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Children’s Drawing Analysis and Research Paper

Katie Knobloch

University of Missouri


















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Analyzing students’ work can be very helpful for teachers to be able to track
progress in their students. By looking at their drawings, teachers can see different stages
that students may be in, which can be helpful to guide their growth in art. Art is a way for
children to express themselves and let others see how they are thinking and feeling
visually. Looking at a child’s drawing and analyzing their details can help categorize the
stage they are in to guide their learning.
This drawing appears to be of a girl with a peace sign shirt with a multi-shaded
background. This piece left much imagination and interpretation to the viewer as the
background is somewhat unclear. After looking at the stages in the Lowenfeld article, the
artist was most likely between the Schematic and Gang stages and ranging in age
anywhere from 7-12 years old. Starting with the Schematic stage, we saw some repetition
in the peace signs in the girl’s shirt. The drawing is fairly flat having few curves to show
some real life attributes to the body and face, but with little real definition to the drawing
(Lowenfeld and Brittain, 476).
Looking next at the space representation aspect of this stage, the student does
have awareness of a baseline and uses shading to do so. Most objects in this picture are 2-
D with very little definition shown (Lowenfeld and Brittain, 476). However, while the
background cannot be easily determined, it does show understanding of what a real life
background may look how and how they may overlap other objects and have different
shadings.
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Lastly in the Schematic
stage, there is not much repetition,
which would be seen through
human representation.
(Lowenfeld and Brittain, 476).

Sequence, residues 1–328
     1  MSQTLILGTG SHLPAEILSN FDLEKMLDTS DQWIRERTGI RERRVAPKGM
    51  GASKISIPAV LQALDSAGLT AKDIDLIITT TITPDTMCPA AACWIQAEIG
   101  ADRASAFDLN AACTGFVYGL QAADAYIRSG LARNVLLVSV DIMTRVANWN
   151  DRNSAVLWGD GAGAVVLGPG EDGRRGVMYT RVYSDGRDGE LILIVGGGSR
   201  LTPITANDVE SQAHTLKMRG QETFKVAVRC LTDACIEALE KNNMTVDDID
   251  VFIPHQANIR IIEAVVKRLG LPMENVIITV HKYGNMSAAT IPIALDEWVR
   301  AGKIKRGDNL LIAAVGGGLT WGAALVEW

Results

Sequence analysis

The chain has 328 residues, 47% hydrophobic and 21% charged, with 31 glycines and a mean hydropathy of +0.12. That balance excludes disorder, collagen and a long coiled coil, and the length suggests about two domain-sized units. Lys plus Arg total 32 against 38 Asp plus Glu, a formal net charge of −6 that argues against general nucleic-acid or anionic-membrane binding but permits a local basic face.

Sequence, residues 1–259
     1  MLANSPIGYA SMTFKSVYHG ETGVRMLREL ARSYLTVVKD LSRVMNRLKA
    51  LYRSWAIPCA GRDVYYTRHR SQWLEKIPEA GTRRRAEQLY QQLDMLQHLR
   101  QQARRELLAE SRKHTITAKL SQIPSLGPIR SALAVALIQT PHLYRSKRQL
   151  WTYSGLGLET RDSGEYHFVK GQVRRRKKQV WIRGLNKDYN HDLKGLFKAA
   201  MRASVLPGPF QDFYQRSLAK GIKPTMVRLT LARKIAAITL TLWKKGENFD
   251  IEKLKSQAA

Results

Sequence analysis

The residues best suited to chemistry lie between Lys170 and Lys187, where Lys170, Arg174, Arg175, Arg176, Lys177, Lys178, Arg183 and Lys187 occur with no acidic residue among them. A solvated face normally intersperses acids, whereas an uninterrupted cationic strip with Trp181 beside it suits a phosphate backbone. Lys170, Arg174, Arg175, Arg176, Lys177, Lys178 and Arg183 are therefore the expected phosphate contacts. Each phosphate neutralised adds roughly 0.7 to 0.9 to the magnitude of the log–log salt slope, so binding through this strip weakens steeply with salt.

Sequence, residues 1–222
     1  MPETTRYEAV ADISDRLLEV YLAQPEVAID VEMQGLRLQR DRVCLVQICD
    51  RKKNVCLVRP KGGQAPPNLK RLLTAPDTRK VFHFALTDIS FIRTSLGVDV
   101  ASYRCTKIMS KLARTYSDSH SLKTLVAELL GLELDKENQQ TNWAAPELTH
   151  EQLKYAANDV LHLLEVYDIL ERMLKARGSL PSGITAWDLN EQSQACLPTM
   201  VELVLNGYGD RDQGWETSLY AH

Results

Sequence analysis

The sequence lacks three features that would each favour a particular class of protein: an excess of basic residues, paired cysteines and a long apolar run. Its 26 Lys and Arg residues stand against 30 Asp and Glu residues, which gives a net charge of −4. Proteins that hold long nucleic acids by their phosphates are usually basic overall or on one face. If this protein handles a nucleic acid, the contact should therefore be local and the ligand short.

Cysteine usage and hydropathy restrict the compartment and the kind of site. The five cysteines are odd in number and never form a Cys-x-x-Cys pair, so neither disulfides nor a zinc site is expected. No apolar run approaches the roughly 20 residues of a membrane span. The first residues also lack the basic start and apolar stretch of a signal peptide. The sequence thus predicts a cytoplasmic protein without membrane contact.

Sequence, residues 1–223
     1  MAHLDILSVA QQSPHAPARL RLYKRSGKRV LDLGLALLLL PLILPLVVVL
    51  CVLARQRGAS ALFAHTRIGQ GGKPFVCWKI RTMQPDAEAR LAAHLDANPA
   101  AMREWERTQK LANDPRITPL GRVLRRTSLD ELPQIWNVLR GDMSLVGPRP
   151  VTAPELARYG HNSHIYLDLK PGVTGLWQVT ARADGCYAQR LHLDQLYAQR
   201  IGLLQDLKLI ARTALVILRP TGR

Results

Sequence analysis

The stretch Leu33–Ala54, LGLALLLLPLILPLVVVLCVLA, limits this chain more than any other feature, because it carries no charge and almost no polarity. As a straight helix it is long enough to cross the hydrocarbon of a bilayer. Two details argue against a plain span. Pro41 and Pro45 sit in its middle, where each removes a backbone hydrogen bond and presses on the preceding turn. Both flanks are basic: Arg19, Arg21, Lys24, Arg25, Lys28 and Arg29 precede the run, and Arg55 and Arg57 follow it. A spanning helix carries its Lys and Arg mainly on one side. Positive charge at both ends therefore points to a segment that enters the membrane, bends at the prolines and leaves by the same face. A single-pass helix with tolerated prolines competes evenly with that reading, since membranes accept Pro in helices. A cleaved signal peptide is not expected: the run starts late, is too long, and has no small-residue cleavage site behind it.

The arms and legs of the individual
in this picture are correctly placed
and have some curve to them to
show volume. The girl’s facial
expressions also are semi-
exaggerated to show her happiness, which would also fit in the schematic stage.
In analyzing this portrait, many gang stage traits appear as well. Under drawing
characteristics, this picture shows a greater awareness of detail than ones presented in the
schematic stage (Lowenfeld and Brittain, 477). While some shading is seen in this
drawing, the intension of shade remains unclear and this student does not yet seem to
understand the purpose of shading. Overall, this shows that students are not defined in
one stage and often show qualities of both simultaneously
Space representation in the gang stage shows depth understanding just as the
overlapping objects such as the girl on the background and the baseline behind her head
show(Lowenfeld and Brittain, 477). As far as human figure representations, there is
progression in clothing detail with peace signs on the shirt and curves that
represent how an actual t-shirt might look verses a boxy representation of clothing
(Lowenfeld and Brittain, 477). However, we still see that this child has not
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completely mastered this stage by her lack of realistic body parts (Lowenfeld and
Brittain, 477). When you remove a body part, such as the eyes or nose, they become
just curved lines and lose their actual meaning. This artist shows progression from
geometric shapes in the schematic stage but does not see full realistic
representation. While this student does a good job of trying to mimic what a face
may look like with simple lines, she has not gotten to the point where enough detail
to mimic an actual human face.
While this student showed many characteristics of being in the Schematic stage,
her drawing overall look more advanced than the example ones. This is a great example
of showing that students’ drawing ability is a process and all about practice. Teachers
should use these stages to “flexibly reference as a general guide” keeping in mind that the
stages generalize student progression (Luehrman and Unrath, 8). With that being said,
each student progresses at their own rate through their artwork, just as they progress
individually in any subject they learn. “A picture may be worth a thousand words, but
these words can remain unsaid or misunderstood when adults do not attend to their
development” (Johnson,70). While it is not always easy to do so, teachers should do their
best to serve each individual student and cater to their specific needs.
Overall, being able to identify what stages students are in is important for both art
teachers and general education teachers as well. As more art and music programs are
being cut from in our schools, it is the teachers’ job to show that it is still important in our
students’ lives. By integrating art into the classroom, we are able to better educate
students and allow student’s who learn best through art to have an avenue for success.

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Works Cited
Lowenfeld,V., &Brittain, W.L. (1970). Creative and mental growth. New
York:MacMillan
Luehrman, M., & Unrath, K. (2006). Making theories of children’s artistic
development meaningful for pre-service teachers. Art Education, 59(3), 6-12.
Johnson, M.H. (2008). Developing verbal and visual literacy through
experiences in the visual arts. Young Children, 63(1),74-79